Am I on the right track here?
What’s the best way to avoid having my variables overwritten, like in my both() example?
It seems that whatever I save in the $data variable has to be saved in key value pairs, right?

Any feedback would be most appreciated, I feel like I’m pretty close to understanding this.

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Keep in mind that filter is a standard WP filter, so just like any other filter, you need to accept the original data/variable, modify it, and return it.

function both($data) {
    $data['both'] = 'Both';

    return $data;
}

Other than that, it looks good. That is basically what I had in mind if I was going to implement some simple controllers in Sage 9

3 Likes

Got it, thank you Kalen!

Wow, this is super nice man, fantastic job!

Here’s a simple image slider with Slick. This is using ACF’s gallery field, but anything will do.

Controller -

function slider( $data ) {

    $images = get_field('images');

    if ( $images ) {
        $data['images'] = $images;
    }

    return $data;
}
add_filter( 'sage/template/home/data', 'App\\slider' );

View -

<ul class="list-unstyled slider">
  @forelse($images as $image)
    <li><img src="{{$image['url']}}" alt="{{$image['alt']}}"></li>
  @empty
    <li class="alert alert-danger">No Images</li>
  @endforelse
</ul>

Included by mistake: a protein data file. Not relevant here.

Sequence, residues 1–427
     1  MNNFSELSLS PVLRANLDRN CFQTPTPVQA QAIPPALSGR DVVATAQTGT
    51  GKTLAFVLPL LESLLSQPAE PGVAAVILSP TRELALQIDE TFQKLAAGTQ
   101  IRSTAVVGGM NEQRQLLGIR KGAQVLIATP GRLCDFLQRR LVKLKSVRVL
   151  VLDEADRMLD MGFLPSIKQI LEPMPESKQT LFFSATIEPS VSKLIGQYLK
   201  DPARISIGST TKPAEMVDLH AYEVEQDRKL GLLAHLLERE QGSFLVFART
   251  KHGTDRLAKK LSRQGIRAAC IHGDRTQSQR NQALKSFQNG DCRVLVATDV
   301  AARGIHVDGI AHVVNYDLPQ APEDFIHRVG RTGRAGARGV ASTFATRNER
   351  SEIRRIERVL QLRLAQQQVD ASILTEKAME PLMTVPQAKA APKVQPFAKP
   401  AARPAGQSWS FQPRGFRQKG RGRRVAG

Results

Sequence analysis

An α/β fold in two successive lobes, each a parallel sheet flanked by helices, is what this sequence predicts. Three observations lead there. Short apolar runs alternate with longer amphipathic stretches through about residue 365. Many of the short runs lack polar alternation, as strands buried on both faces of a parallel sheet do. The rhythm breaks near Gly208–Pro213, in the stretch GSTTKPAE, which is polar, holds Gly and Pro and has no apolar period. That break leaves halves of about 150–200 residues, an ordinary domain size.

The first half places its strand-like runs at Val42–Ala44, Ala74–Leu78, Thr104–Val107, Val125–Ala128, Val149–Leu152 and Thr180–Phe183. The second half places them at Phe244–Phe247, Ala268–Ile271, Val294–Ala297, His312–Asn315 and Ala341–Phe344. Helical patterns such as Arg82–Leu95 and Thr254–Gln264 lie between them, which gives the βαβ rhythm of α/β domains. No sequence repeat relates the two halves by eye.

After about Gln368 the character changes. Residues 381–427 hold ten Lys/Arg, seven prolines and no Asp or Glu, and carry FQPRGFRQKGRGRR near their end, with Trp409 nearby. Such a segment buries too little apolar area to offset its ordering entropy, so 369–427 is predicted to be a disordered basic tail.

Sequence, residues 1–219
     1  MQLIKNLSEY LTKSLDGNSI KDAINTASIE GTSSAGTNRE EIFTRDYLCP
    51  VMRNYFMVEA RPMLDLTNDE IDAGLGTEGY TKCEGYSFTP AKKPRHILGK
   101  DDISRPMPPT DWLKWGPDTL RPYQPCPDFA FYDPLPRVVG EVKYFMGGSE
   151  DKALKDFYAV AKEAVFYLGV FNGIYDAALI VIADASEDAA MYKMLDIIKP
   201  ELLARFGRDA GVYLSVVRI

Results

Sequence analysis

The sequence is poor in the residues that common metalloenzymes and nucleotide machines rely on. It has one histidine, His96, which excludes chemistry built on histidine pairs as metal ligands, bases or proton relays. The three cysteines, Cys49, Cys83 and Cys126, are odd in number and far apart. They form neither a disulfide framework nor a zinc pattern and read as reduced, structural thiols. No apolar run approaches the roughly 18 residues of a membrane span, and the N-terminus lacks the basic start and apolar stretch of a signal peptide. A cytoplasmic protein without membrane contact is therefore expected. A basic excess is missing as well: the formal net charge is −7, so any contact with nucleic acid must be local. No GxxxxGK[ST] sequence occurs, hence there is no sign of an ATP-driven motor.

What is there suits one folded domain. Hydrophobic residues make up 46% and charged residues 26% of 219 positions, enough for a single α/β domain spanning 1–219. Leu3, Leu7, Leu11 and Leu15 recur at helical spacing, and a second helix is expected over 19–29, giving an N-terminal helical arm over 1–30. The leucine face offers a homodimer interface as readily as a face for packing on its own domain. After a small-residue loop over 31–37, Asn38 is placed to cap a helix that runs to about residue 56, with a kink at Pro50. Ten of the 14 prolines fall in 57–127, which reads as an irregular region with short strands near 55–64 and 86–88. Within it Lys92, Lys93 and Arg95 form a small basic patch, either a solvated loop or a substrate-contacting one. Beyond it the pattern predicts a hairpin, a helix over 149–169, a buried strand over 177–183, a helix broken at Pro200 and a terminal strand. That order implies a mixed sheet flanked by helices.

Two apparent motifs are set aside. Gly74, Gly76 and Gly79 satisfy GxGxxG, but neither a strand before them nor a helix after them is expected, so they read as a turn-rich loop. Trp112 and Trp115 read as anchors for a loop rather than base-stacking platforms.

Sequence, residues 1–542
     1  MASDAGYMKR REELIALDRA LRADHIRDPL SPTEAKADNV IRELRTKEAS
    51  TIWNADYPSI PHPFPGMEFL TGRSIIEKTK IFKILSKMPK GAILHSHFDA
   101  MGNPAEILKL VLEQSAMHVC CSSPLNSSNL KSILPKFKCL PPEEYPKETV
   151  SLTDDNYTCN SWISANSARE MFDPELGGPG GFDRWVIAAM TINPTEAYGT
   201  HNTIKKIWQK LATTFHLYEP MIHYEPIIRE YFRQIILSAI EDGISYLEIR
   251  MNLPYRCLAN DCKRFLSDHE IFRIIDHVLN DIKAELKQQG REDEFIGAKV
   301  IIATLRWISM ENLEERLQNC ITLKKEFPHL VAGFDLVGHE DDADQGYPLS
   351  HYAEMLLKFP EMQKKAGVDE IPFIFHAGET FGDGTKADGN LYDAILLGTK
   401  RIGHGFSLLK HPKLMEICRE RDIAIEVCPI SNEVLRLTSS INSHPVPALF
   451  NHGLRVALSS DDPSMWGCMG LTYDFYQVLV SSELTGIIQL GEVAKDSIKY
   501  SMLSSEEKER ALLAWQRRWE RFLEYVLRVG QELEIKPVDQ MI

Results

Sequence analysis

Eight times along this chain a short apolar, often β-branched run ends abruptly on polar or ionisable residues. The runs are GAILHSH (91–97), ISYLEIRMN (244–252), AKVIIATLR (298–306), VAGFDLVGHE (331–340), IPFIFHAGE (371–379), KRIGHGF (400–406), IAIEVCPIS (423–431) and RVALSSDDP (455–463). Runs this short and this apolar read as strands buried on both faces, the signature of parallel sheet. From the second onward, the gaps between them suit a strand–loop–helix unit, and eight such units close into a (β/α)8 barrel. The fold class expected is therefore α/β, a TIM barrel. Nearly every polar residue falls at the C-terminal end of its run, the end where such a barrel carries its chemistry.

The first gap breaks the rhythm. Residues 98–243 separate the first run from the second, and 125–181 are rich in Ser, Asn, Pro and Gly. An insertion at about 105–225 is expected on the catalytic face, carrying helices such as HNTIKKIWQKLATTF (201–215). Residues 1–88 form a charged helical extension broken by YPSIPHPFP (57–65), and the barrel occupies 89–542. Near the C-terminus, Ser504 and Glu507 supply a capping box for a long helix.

I’m giddy about this, it’s like a whole new WordPress!!! :sunny: :smile: :sunny:

13 Likes

You can even split it out and put the slider in it’s own little blade file, and have something like this -

@php(the_content())

@if($images)
  @include('partials/slider')
@endif

Sorry for all the posts, but this is so damn nice!

3 Likes

Interesting stuff indeed! I might ditch Timber for this after all :slight_smile:

I was just wundering how you guys would declare global data, regardless of the body class?
Stuff like menu’s, languages, ACF options etc?

Hey, check this one out for navs –

/**
 * Navigation arguments
 *
 * @param $data
 *
 * @return mixed
 */
function navControl( $data ) {

    // Pass the walker class to a var, so it
    // doesn't instantiate here.
    $bootstrapWalker = 'wp_bootstrap_navwalker';

    // Main Nav
    $mainNavArgs = [
        'theme_location' => 'primary_navigation',
        'walker'         => new $bootstrapWalker,
        'menu_class'     => 'navbar-nav mr-auto'
    ];

    $data['mainNavArgs'] = $mainNavArgs;

    // Social Nav
    $socialNavArgs = [
        'walker'         => new $bootstrapWalker,
        'theme_location' => 'social_navigation',
        'menu_class'     => 'nav social-nav',
        'link_before'    => '<span class="sr-only">',
        'link_after'     => '</span>'
    ];

    $data['socialNavArgs'] = $socialNavArgs;


    return $data;

}

add_filter( 'sage/template/global/data', 'App\\navControl' );

The project I’m working on now has 2 navs, this changes the nav calls in my template file from this -

  <div class="collapse navbar-collapse" id="navbarSupportedContent">
    @if (has_nav_menu('primary_navigation'))
      {!! wp_nav_menu(['theme_location' => 'primary_navigation', 'walker' => new wp_bootstrap_navwalker(), 'menu_class' => 'navbar-nav mr-auto']) !!}